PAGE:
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Sonnet 94 is one of 154 sonnets written by the English playwright and poet William Shakespeare. It is a member of the Fair Youth sequence, in which the poet expresses his love towards a young man.

Sonnet 94
Detail of old-spelling text
Sonnet 94 in the 1609 Quarto
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They that have power to hurt and will do none,
That do not do the thing they most do show,
Who, moving others, are themselves as stone,
Unmoved, cold and to temptation slow;
They rightly do inherit heaven’s graces
And husband nature’s riches from expense;
They are the lords and owners of their faces,
Others but stewards of their excellence.
The summer’s flower is to the summer sweet,
Though to itself it only live and die,
But if that flower with base infection meet,
The basest weed outbraves his dignity:
For sweetest things turn sourest by their deeds;
Lilies that fester smell far worse than weeds.





—William Shakespeare[1]


Sonnet 94 is an English or Shakespearean sonnet. The English sonnet has three quatrains, followed by a final rhyming couplet. It follows the typical rhyme scheme of the form, ABAB CDCD EFEF GG, and is composed in iambic pentameter, a type of poetic metre based on five pairs of metrically weak/strong syllabic positions. The 6th line exemplifies a regular iambic pentameter:

×    /  ×    / ×      /  ×    /  ×  / 
And husband nature's riches from expense; (94.6)

The 7th line exhibits two fairly common metrical variations: an initial reversal, and a final extrametrical syllable or feminine ending:

  /  ×     ×  /    ×   /  ×   /    ×    /(×) 
They are the lords and owners of their faces, (94.7)
/ = ictus, a metrically strong syllabic position. × = nonictus. (×) = extrametrical syllable.

Line 5 necessarily shares a feminine ending. Initial reversals also appear in lines 1, 8, and 14.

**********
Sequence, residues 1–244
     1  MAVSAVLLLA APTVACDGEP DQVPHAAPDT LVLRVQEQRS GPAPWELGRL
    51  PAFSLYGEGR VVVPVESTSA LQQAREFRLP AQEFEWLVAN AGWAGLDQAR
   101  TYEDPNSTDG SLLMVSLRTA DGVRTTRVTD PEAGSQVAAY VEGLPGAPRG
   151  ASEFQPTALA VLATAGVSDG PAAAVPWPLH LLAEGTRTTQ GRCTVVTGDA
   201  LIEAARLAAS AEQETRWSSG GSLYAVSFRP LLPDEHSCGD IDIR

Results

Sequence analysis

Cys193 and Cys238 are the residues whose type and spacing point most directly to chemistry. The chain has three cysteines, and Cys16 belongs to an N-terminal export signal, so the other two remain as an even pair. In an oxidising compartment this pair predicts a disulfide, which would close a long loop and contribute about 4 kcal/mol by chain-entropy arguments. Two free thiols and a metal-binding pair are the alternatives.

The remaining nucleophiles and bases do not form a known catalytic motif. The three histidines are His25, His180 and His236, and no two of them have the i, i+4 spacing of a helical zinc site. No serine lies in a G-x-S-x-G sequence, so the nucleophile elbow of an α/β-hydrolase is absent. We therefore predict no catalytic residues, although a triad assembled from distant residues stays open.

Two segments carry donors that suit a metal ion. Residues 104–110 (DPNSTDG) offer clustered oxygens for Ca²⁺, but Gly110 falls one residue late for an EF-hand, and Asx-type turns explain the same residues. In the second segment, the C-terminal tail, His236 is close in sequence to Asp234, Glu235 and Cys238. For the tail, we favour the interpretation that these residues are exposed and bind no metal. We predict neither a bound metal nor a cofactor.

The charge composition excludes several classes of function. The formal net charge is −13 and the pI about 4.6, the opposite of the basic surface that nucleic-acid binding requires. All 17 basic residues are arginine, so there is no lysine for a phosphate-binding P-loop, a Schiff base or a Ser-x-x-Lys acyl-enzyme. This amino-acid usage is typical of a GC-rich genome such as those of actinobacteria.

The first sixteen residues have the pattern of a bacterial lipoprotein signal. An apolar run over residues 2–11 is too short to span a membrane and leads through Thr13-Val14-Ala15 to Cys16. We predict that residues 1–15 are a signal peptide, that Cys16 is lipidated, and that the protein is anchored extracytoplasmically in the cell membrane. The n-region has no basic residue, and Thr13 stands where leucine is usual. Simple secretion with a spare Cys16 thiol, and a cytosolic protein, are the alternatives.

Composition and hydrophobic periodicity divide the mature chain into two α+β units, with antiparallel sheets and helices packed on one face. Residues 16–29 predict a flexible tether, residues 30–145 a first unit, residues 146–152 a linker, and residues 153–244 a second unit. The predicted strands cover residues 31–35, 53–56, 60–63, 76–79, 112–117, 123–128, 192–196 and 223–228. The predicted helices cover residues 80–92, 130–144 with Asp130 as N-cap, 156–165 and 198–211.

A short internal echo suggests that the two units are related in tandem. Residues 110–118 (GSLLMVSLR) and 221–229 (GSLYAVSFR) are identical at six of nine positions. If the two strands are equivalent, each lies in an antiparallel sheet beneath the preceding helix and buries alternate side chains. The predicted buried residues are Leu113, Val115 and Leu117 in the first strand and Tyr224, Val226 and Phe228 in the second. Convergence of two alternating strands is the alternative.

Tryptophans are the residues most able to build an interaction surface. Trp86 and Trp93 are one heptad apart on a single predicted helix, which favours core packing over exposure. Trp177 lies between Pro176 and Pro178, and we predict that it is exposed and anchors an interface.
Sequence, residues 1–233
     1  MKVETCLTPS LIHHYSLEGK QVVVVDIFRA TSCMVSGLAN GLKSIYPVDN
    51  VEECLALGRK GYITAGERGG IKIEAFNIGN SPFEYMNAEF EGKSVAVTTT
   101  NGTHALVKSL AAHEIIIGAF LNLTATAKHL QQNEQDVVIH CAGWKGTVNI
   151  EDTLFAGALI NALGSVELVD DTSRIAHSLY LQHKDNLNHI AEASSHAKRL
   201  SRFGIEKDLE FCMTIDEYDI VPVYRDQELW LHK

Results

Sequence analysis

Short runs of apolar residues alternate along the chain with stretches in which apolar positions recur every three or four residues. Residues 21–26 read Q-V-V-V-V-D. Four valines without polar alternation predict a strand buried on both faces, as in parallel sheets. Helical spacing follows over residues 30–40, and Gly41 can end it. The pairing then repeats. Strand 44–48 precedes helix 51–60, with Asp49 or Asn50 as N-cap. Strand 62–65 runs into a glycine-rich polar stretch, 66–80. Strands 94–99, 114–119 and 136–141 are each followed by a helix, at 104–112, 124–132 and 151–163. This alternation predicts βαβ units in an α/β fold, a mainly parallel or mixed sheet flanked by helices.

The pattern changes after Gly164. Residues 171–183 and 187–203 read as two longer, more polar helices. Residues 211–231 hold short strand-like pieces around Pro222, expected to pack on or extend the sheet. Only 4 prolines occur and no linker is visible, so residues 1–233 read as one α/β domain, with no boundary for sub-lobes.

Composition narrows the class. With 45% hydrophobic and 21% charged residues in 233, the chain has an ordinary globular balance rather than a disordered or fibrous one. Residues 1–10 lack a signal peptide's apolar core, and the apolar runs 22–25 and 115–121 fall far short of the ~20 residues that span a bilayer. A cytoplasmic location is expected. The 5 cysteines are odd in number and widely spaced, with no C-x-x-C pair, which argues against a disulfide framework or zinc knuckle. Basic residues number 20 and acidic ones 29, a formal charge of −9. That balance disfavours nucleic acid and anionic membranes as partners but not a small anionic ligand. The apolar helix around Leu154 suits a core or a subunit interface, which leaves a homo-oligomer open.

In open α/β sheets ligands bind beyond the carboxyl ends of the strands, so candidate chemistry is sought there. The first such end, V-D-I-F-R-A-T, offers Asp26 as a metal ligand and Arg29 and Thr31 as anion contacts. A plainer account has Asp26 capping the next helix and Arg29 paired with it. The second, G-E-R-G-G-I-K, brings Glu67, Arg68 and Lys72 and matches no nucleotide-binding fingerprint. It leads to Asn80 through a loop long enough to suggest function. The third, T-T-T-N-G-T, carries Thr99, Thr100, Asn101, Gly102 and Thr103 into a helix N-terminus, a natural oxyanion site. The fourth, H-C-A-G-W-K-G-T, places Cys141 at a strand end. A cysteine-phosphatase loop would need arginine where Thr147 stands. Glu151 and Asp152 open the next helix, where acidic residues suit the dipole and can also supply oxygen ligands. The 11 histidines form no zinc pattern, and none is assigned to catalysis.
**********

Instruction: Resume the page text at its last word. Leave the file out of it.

The meter demands a few variant pronunciations: line 1's "power" functions as 1 syllable, line 4's "unmovèd" as 3, and lines 9 and 11's "flower" as 1.[2]


Sonnet 94 forms part of the "Fair Youth" sequence, where in sonnets 87-96 the Youth is seen as potentially fickle and unreliable. In 90-93 the Youth seems ready to abandon the poet and forget past promises; it is possible that some act or failure to act, or some statement, in the real-life circle of the Youth's admirers has convinced the poet that his beloved is one of those who moves others but is himself "as stone", giving a false impression of his intentions. Therefore there are grounds for cautious optimism, or so the poet thinks, for the Youth may in fact remain faithful despite past suspicions. Yet there remains the thought that some evil will still destroy the poet's hopes, and optimism may prove unfounded.[3]


  1. ^ Pooler, C[harles] Knox, ed. (1918). The Works of Shakespeare: Sonnets. The Arden Shakespeare [1st series]. London: Methuen & Company. OCLC 4770201.
  2. ^ Booth 2000, p. 83.
  3. ^ Shakespeare's sonnets

Further readingEdit

First edition and facsimile
Variorum editions
Modern critical editions